If you see a vacant building for lease in the neighborhood, chances are there was a bank there at one point. We’re seeing it at financial institutions big and small — from Citigroup, now operating in fewer cities, to FirstMerit, which is closing 16 branches in four states.
Between direct deposits and ATMs, walking into a bank isn’t something a lot of people do anymore. Loans are now more by-the-numbers.
Charles Kahn, who teaches finance at the University of Illinois, says it makes sense that banks are closing branches to cut costs — specifically, real estate and personnel costs. Also, Kahn says banks have a lot more competition, from credit card companies and brokerage firms, for instance.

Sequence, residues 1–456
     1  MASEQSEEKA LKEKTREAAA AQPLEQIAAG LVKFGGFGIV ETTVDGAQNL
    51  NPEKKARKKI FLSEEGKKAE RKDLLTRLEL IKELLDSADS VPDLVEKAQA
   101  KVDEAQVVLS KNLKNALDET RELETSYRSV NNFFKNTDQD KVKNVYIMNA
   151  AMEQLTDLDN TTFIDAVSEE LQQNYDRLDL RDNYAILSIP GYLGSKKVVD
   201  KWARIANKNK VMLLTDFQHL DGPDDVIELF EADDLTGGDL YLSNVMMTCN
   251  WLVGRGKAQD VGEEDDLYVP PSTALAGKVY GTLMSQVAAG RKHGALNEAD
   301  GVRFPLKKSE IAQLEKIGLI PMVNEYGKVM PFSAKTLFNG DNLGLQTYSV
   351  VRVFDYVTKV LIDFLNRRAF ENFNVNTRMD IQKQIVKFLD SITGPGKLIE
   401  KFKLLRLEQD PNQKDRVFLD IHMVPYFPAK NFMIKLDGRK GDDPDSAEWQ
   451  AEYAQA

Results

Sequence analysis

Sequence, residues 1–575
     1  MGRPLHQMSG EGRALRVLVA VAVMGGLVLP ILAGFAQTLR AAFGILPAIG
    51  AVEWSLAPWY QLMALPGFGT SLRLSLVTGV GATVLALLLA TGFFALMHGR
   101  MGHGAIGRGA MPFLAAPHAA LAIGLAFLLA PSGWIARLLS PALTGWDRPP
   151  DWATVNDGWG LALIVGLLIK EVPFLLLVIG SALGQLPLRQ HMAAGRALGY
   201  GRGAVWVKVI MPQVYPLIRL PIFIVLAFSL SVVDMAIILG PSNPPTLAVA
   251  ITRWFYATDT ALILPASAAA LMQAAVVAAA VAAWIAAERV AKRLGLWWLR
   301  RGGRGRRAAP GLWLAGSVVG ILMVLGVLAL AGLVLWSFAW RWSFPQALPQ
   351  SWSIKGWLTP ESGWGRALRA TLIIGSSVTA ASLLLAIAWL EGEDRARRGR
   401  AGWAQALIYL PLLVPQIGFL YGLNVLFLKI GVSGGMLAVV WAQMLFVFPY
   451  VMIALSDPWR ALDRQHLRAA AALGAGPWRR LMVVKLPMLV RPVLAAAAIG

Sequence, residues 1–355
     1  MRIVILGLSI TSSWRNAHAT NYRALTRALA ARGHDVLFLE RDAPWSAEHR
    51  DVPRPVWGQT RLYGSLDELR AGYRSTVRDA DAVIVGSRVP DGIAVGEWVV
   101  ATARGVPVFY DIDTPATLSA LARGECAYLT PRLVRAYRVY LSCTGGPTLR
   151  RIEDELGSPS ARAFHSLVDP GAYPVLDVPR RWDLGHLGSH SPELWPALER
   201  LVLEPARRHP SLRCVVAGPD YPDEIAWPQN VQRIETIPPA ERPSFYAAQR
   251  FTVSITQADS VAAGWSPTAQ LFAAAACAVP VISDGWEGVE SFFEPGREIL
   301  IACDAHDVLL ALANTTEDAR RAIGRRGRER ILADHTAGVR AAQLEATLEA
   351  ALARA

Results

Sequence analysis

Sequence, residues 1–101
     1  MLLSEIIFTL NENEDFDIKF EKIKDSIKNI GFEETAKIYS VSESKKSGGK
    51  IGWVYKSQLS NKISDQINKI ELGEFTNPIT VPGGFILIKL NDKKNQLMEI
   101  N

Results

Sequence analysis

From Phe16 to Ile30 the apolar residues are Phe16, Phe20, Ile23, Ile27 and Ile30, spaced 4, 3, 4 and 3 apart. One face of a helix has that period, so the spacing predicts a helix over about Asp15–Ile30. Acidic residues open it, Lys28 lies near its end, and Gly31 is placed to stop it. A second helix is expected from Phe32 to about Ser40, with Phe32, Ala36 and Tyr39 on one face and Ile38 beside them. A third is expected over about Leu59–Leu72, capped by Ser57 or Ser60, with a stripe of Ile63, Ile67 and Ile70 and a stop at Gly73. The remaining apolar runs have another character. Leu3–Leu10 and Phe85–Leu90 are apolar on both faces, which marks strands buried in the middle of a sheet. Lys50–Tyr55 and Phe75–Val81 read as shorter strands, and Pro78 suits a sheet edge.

What’s lost when a branch closes? A lot of hand-holding for people who find banking confusing, says Paul Noring, managing director in the Financial Risk Management practice at Navigant, a consulting firm. Noring says a branch is like an ad, "the best way that banks can still reflect their brand with their customers."